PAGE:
You’ll want a mostly sunny location with good drainage as bulbs can rot in soggy soil. Consider where you’ll enjoy the blooms the most and what other spring flowering perennials or shrubs the bulbs will compliment. Perennials such as  pure white candytuft, (Iberis sempervirens),  lavender or pink creeping phlox (Phlox subulata) or stunning basket of gold alyssum (Allyssum sempervirens) pair nicely with mid-season bulbs. You may find some great deals on these spring blooming perennials at the local garden center right now, or divide some plants already in your beds.  Some bulbs bloom simultaneously with flowering shrubs such as forsythia (early bulbs), lilacs (mid to late bulbs).

After blooming, bulb foliage should be left on the plant to die back and re-nourish the bulb. This foliage can be camouflaged by emerging perennials or annuals, so it’s good to plan for this step now.

How to Plant

Bulbs are planted with their necks up and their hips down; a good rule of thumb is to plant 4 times the height of the bulb. Amending soil with organics such as spagham peat moss or compost is recommended. Bulbs, like most plants, won’t thrive in compacted soil.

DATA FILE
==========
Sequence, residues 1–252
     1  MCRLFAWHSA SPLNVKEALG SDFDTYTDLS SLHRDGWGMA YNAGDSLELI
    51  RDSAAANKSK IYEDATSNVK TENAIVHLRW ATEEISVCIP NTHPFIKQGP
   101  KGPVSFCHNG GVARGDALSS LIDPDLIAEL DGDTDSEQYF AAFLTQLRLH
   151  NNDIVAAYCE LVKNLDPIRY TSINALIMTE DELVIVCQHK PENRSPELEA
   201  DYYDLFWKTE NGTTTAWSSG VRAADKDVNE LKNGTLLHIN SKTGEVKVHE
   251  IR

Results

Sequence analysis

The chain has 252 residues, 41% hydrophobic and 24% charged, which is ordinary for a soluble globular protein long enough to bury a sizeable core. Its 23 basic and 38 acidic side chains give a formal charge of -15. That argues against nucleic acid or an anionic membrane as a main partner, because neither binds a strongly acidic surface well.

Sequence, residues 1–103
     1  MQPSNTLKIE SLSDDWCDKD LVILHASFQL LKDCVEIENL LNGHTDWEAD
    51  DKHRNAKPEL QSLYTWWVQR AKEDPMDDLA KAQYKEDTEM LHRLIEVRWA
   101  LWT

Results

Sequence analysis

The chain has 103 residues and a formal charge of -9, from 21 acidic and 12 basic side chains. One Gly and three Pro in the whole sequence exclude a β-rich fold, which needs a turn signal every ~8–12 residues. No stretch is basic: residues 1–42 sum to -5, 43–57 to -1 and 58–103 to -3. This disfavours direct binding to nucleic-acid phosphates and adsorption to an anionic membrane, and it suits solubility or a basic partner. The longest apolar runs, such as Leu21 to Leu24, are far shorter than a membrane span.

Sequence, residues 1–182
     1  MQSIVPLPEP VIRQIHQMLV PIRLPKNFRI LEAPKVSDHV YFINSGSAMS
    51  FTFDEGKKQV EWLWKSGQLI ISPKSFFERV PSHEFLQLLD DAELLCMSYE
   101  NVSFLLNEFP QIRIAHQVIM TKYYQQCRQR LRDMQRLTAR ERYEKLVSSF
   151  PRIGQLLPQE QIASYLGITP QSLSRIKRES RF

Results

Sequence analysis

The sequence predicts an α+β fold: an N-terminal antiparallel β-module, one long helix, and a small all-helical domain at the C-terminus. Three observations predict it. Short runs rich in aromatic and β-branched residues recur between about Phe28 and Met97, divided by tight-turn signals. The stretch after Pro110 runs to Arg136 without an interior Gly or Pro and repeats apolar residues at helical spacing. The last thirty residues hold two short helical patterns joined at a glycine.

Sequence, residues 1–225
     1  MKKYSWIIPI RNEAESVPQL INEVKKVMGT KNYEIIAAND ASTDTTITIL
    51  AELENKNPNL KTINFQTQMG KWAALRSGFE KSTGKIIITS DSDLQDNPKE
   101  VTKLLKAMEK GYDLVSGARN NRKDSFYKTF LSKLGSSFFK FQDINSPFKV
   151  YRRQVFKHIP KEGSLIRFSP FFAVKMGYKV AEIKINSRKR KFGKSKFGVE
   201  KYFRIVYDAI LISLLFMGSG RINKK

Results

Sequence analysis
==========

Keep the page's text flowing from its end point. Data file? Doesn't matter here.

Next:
Iris Reticulata courtesy of Jodi Torpey, Westerngardeners.com

Iris Reticulata courtesy of Jodi Torpey, Westerngardeners.com

Research at CSU has shown that in our region, Super Phosphate is the most effective fertilizer for bulbs and should be applied at the root base and in the loosened soil below the bulb so that the nourishment can be absorbed. Further, CSU’s studies indicate that bone meal is not effective in our soils, although it is frequently sold alongside bulbs.

For thorough information on soil prep, care and a planting depth chart visit

Fall-Planted Bulbs and Corms and PlanttalkColorado Bulbs:Spring Flowering

What to Look For When Selecting Bulbs

There are a wide variety of pre-packaged selections of tulips, daffodil (narcissus), hyacinths and alliums to name just a few.

Giant Alliums courtesy of Jodi Torpey, WesternGardeners.com

Giant Alliums courtesy of Jodi Torpey, WesternGardeners.com

When buying packages of bulbs, be sure to  inspect the them to insure they  are firm, uniform in size and large for the type (compare to the open bins of like bulbs is a good idea) and unscarred. Many bulbs are sold from boxes so you can make your own selection. By mixing early, mid and late bloomers of varying heights, colors and textures, you can have a spectacular start to next year’s gardening season. Just be patient.

Submitted by Linda McDonnell, Denver County Master Gardener